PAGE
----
The World Health Organization (WHO) has released new guidelines for AIDS treatment around the world. The guidelines come with a hefty price tag but may save millions of lives around the world and make a real dent in the HIV epidemic.
The new guidelines, released Sunday at the meeting of the International AIDS Society in Kuala Lumpur, Malaysia, recommend earlier treatment for HIV-positive adults as well as treatment right after diagnosis for all children under age five, pregnant women, individuals with tuberculosis or hepatitis B, and adults who have uninfected partners.
While many wealthier countries already follow similar guidelines, this is not the case in some places where HIV rates are there highest. WHO says that expanding treatment would add about 10 percent to the $23 billion that’s already spent on HIV treatment each year but estimates it could prevent three million deaths and avert 3.5 million new infections by 2025.
The new guidelines suggest that HIV-positive adults start taking antiretroviral (ART) medication when their CD4 cell count drops to 500, which is still in the healthy range. (People with healthy immune systems have a CD4 cell count between 500 and 1,600.) CD4 cells, also referred to as T cells, are an important part of the immune system that help people fight off infection. AIDS is diagnosed when a person with HIV has a CD4 count of 200 or less. The previous guidelines postponed treatment until a CD4 count of 350. The WHO, however, believes that starting while a person has a healthy immune system will not only keep them healthy longer but will also prevent infections, because people on ARTs also have lower viral loads, which makes the virus much less contagious.
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The new guidelines also suggest that all adults starting ART be given a new medicine that combines three drugs—tenofovir, lamivudine (or emtricitabine), and efavirenz—into a single pill that is taken once a day. This combined medication is easier to take and less expensive. In countries with negotiated lower prices, this pill can be taken once a day for a year for approximately $127.
In a press release, the WHO explained the change in the guidelines:
WHO has based its recommendation on evidence that treating people with HIV earlier, with safe, affordable, and easier-to-manage medicines can both keep them healthy and lower the amount of virus in the blood, which reduces the risk of passing it to someone else. If countries can integrate these changes within their national HIV policies, and back them up with the necessary resources, they will see significant health benefits at the public health and individual level.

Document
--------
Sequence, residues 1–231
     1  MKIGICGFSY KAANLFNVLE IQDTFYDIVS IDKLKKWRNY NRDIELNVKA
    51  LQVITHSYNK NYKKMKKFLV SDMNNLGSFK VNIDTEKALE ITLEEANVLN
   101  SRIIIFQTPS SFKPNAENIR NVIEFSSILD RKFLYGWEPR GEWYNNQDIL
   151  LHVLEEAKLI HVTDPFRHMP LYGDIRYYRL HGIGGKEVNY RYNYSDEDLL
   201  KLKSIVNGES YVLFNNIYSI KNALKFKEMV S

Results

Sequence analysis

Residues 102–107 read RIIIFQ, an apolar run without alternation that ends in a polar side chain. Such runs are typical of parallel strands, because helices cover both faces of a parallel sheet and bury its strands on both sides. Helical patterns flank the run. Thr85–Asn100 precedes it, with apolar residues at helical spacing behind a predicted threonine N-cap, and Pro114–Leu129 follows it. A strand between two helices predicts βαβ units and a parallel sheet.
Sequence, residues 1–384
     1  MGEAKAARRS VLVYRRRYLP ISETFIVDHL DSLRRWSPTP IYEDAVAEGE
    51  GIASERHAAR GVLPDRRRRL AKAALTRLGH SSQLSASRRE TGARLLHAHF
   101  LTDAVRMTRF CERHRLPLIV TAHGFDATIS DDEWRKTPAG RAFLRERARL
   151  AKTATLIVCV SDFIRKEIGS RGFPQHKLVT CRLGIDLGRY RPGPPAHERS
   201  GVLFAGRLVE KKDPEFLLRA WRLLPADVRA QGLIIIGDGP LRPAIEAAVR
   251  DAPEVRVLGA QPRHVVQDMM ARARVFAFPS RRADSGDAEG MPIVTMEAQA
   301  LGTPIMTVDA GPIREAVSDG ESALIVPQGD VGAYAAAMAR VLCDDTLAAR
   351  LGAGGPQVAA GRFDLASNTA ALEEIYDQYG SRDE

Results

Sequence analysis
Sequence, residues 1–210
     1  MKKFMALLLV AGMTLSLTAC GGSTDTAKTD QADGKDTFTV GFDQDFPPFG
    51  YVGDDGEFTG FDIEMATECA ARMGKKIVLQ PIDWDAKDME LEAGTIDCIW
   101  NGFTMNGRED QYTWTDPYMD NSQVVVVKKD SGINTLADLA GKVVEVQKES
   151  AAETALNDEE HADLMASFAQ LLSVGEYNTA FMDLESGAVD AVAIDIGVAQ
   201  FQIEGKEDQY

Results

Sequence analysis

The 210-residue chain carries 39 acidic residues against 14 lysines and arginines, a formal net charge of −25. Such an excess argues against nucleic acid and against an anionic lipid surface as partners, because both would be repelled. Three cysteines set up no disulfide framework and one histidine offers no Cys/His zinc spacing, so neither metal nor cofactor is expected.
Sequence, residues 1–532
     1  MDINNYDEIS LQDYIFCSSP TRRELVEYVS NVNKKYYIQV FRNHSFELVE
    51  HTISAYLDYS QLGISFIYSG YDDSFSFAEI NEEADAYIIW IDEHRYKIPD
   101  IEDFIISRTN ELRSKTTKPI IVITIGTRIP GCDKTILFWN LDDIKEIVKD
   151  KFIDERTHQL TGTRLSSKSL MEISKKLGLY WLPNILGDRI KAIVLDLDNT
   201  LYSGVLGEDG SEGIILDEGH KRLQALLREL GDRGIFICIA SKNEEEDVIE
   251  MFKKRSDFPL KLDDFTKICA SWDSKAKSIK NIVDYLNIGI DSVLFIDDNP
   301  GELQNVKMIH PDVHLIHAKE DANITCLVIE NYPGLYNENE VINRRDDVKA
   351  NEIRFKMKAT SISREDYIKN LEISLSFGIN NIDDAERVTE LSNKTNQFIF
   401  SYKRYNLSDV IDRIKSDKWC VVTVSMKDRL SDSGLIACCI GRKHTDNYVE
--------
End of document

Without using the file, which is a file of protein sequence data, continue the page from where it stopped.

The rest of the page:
The organization’s director-general, Dr. Margaret Chan, went on to say, “With nearly 10 million people now on antiretroviral therapy, we see that such prospects—unthinkable just a few years ago—can now fuel the momentum needed to push the HIV epidemic into irreversible decline.”
Still, it will be challenging to get widespread access and compliance. Currently, only about 60 percent of individuals who are eligible for the drugs are getting them, and the guidelines increase the number of people eligible by about nine million. Moreover, it can difficult to get some people to continually take their drugs, especially if they have yet to feel ill. Dr. Sarah Fidler, an HIV expert at Imperial College London who is doing research in Africa, told the Boston Herald, “For people struggling with other issues like poverty, taking pills for a disease that isn’t making them sick yet might not seem like the most important thing in the world. This is not going to be as simple as just giving drugs to everybody.”
However, WHO’s HIV-AIDS director, Dr. Gottfried Hirnschall, said the new guidelines could have a tremendous impact. He summed it up this way when talking to the BBC: “It will be very difficult to end AIDS without a vaccine—but these new guidelines will take us a long way in reducing deaths.”